Although it’s not a particularly new concept, hybrid work setups have become a growing trend in industries across the world. In fact, because most offices have resumed normal operations, up to 74% of companies have said they’re either already using or planning to adopt hybrid setups. This comes as no real surprise considering that studies prove that organized hybrid work is beneficial to output and creativity. These comprehensive studies were based on a diverse range of industries and business scales, which further underscores how hybrid work is the happy medium for both companies and workers.
That said, hybrid work is not without its challenges. For most office leaders, one of the top concerns they have with this model is the lack of access between themselves and their teams. This has led some bosses to worry that their team culture may suffer or their employees will feel isolated. Conversely, 77% of surveyed company leaders have found that compassion can benefit both people and profits. Therefore, while hybrid does reduce face-to-face interactions, leaders can (and should) still exercise compassion through this particular medium. And here’s how:
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Show your employees you appreciate them
While you shouldn’t just toss out empty praises for the sake of it, you shouldn’t hold back on showing your employees appreciation either. This shows employees that you value them and recognize the adversity they’ve overcome so that it empowers your hybrid team no matter how challenging the transition may be. That said, to underscore the sincerity of your appreciation back up your words with actions. This is especially impactful for teams that work mostly remotely as it shows that you appreciate everyone fairly.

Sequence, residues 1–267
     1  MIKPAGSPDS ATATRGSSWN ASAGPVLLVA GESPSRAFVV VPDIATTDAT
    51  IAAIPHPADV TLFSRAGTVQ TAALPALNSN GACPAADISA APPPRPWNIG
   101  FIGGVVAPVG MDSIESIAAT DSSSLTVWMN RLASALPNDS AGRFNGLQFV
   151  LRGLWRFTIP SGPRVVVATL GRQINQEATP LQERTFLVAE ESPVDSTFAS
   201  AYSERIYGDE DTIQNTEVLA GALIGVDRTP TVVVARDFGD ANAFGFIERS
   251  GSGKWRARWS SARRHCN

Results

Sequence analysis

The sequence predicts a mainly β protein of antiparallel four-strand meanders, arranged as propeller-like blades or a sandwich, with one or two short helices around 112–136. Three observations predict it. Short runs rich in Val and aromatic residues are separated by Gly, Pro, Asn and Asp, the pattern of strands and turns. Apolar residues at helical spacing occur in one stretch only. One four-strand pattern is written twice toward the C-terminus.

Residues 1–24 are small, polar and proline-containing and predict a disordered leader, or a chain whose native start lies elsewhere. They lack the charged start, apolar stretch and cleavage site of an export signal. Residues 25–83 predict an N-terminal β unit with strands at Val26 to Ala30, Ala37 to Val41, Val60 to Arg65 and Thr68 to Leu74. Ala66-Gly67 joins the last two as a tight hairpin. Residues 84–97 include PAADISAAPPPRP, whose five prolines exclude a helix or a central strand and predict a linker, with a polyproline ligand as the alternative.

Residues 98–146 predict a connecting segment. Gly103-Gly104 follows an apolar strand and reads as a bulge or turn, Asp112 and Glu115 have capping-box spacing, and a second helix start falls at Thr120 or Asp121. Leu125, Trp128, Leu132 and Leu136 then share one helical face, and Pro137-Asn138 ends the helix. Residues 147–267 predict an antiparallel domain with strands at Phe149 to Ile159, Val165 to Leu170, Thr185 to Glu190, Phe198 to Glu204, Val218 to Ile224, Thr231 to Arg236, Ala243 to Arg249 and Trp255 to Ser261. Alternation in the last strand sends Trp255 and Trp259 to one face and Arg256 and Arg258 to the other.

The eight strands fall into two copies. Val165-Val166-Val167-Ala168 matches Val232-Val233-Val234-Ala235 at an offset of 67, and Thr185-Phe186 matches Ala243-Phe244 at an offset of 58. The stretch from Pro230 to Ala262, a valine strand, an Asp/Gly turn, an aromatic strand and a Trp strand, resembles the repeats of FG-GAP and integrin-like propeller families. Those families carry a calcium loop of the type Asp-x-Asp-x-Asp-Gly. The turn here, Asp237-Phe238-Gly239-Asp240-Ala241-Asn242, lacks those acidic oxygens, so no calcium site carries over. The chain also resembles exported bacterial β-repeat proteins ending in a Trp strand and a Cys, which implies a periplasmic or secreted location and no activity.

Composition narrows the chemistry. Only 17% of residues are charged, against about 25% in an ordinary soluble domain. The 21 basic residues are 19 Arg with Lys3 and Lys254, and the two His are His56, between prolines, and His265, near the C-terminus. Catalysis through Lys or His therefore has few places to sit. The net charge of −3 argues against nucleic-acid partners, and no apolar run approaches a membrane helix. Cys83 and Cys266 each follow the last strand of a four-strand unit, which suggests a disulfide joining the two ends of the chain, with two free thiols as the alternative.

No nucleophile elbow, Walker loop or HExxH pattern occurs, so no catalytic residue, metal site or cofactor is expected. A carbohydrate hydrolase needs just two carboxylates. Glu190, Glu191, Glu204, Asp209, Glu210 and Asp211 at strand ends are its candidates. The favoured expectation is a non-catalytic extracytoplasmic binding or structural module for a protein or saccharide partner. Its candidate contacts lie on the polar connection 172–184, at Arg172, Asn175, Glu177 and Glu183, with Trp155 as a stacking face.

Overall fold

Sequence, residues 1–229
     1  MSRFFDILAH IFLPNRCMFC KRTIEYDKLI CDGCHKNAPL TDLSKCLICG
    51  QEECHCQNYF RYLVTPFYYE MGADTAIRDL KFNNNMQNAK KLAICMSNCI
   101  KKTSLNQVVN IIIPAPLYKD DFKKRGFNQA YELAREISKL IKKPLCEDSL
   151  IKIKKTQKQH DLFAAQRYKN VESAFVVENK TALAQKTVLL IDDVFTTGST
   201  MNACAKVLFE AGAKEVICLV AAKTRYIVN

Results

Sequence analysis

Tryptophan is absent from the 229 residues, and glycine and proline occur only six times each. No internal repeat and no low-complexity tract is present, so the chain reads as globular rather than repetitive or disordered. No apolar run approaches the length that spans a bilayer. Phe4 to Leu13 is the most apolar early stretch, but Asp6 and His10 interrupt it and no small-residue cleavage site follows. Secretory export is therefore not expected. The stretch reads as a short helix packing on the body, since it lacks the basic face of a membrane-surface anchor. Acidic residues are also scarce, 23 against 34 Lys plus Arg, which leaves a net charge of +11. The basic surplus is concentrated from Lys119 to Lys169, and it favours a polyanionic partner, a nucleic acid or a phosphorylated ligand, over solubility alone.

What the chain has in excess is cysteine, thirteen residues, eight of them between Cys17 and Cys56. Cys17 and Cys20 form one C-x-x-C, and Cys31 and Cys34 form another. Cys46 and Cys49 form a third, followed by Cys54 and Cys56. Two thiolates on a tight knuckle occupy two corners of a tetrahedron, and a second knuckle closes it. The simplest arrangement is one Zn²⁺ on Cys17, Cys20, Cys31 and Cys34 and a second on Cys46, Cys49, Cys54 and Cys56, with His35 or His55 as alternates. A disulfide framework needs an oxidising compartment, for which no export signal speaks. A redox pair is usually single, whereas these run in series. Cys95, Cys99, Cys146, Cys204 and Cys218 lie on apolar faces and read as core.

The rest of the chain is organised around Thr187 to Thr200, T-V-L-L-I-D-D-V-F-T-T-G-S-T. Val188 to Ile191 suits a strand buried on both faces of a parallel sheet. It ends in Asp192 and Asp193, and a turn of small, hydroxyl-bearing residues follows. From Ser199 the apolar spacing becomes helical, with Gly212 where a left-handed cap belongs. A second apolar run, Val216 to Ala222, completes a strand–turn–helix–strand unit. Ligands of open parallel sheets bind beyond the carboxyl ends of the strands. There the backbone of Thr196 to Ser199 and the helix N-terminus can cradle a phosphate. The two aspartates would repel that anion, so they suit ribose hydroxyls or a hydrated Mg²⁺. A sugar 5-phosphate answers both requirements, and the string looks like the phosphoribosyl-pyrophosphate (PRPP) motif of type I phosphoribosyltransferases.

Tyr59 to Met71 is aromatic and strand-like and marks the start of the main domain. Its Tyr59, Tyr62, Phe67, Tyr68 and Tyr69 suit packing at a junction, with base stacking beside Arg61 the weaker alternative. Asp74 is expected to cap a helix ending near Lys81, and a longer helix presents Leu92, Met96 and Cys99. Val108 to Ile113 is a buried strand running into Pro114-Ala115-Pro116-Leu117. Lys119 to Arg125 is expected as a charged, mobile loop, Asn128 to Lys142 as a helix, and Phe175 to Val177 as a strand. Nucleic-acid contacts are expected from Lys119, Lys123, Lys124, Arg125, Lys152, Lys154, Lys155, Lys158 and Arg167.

To show employees appreciation virtually, say “thank you” through meaningful gestures. This can include sending decorations for home offices, planning a virtual hangout to unwind, or gifting food delivery cards. Through such well-thought-out executions, you show that your appreciation comes from a place of compassion which is inspiring for many workers. In fact, surveys reveal that while 46% of employees left jobs because they felt under-appreciated, 79% said feeling appreciated gave them a boost professionally and personally.
Actively practice healthy communication
Healthy communication is not just about frequent meetings or check-ins. If anything these can be misconstrued as micromanaging and being inconsiderate when it comes to your team’s time and energy. Instead, effective communication as a leader is rooted in clarity, collaboration, and understanding. Too often, leaders are not fully open with employees for fear of seeming too familiar or open. But, if anything, creating an inclusive environment only heightens the potential of your team while also reducing the risk of miscommunication. This is particularly important in hybrid work setups because many employees sometimes are unable to participate. Over time, you can even encourage those who are less likely to speak up for themselves. Interestingly, another way to use communication as a tool for compassion includes modeling vulnerability. By illustrating how it’s okay to voice uncertainties, the rest of our team can feel more at ease opening up. This way, nobody gets left out and everyone has a chance to no speak up no matter the topic at hand.
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Offer relevant and sincere benefits
For most employees, it’s extremely difficult to separate their private and professional lives. In a hybrid setup, this can be even more challenging because some workers feel like they have to juggle their personal and work life. Thus, the best way for leaders to compromise is to offer relevant benefits with no strings attached. While these may not alleviate every employee’s concern, such benefits can drastically reduce the stress that workers have to face. In line with this, some of the most popular employee benefits right now include four-day workweeks, mental health days, and paid sabbaticals. Through these benefits, leaders are able to help employees attain a work-life balance that 63% of workers cite as a top priority.
Granted, the hybrid work setup is not without its faults and does require a new approach to leadership. But so long as leaders are able to translate their compassion and vision into this split model, their teams can remain united and more than capable of reaching their collective goals.by